Press Release
January 9, 2008

On its Centennial Year

Senator Edgardo J. Angara said that the University of the Philippines (UP), in its next 100 years, must find its role in the highly complex, competitive and innovation-driven world, and respond to the demands of a growing Filipino population.

"On its second century, UP must be well prepared to produce a creative work force which generates the wealth of the world at present. After 100 years of exceptionally providing leadership for our country and producing the best scientists, engineers, and artists, we must take UP to where it should be: competitive in science and technology, and in the humanities."

He said that "times have changed. Lifestyles have changed, the content of work has changed. When UP was founded in 1908, there were only 8 million Filipinos. Today, our population has grown to 89 million. In three years' time, there will be a hundred million Filipinos."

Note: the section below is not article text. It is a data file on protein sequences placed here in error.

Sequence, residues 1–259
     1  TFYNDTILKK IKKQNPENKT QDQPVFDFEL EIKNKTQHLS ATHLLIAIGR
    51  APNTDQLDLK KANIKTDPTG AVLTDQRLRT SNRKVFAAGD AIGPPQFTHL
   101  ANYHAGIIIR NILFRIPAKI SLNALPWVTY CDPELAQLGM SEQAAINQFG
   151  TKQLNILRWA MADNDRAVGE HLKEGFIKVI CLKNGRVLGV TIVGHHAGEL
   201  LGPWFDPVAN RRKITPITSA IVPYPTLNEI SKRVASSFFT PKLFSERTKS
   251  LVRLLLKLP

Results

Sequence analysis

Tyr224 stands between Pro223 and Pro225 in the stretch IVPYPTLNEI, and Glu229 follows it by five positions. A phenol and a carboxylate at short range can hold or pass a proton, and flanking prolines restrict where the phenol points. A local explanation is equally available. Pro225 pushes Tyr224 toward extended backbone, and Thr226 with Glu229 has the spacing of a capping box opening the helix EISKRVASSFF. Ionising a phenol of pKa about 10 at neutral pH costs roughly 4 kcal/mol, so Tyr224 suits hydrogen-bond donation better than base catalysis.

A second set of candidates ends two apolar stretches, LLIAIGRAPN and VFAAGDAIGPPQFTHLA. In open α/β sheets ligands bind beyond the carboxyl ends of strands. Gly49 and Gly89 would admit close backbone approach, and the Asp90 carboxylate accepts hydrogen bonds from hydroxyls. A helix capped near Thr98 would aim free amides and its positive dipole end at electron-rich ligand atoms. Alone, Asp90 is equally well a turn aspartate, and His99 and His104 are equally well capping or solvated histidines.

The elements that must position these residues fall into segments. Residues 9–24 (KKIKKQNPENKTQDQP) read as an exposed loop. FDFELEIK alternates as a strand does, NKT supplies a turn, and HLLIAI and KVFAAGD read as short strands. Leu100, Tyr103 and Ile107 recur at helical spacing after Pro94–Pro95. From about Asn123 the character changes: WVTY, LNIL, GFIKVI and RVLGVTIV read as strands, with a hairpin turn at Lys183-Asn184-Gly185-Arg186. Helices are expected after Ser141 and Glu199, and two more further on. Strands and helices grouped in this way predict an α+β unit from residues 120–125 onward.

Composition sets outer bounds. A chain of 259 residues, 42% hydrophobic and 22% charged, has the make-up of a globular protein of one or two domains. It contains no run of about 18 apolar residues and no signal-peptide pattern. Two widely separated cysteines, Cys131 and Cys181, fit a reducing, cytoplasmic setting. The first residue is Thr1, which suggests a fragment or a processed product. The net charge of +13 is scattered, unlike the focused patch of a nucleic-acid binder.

"Educational institutions must respond to these changes. Even more so for UP, as the national university," said Angara, who heads the UP Centennial Commission which is raising P5 billion for the University.

Angara added that employment has become global and we are threatened by brain drain.

"The curriculum of every educational institution must be globally-oriented because work demands it now. But because of this highly-globalized trend in the workforce, we are also losing our best and brightest to other countries. Therefore, the educational system must continually produce, educate and train young people, otherwise we become empty of qualified workers," he said.

"The teachers, engineers, doctor and nurses we train at U.P. are not simply for the Philippines. They're teachers, engineers, doctors and nurses for the world, and are our main export," he said.

He added that almost one-fourth of the population is of school-age, and the burden of educating them is quite heavy.

"Unfortunately, while the state subsidy on public education grows nominally, it does not grow in real terms. We have 113 state colleges and universities, and the share of the pie grows smaller for each," said Angara.

He said that UP's truest treasures are its outstanding faculty and equally able and talented student population. "We have to nurture it, and provide opportunities that other countries provide."

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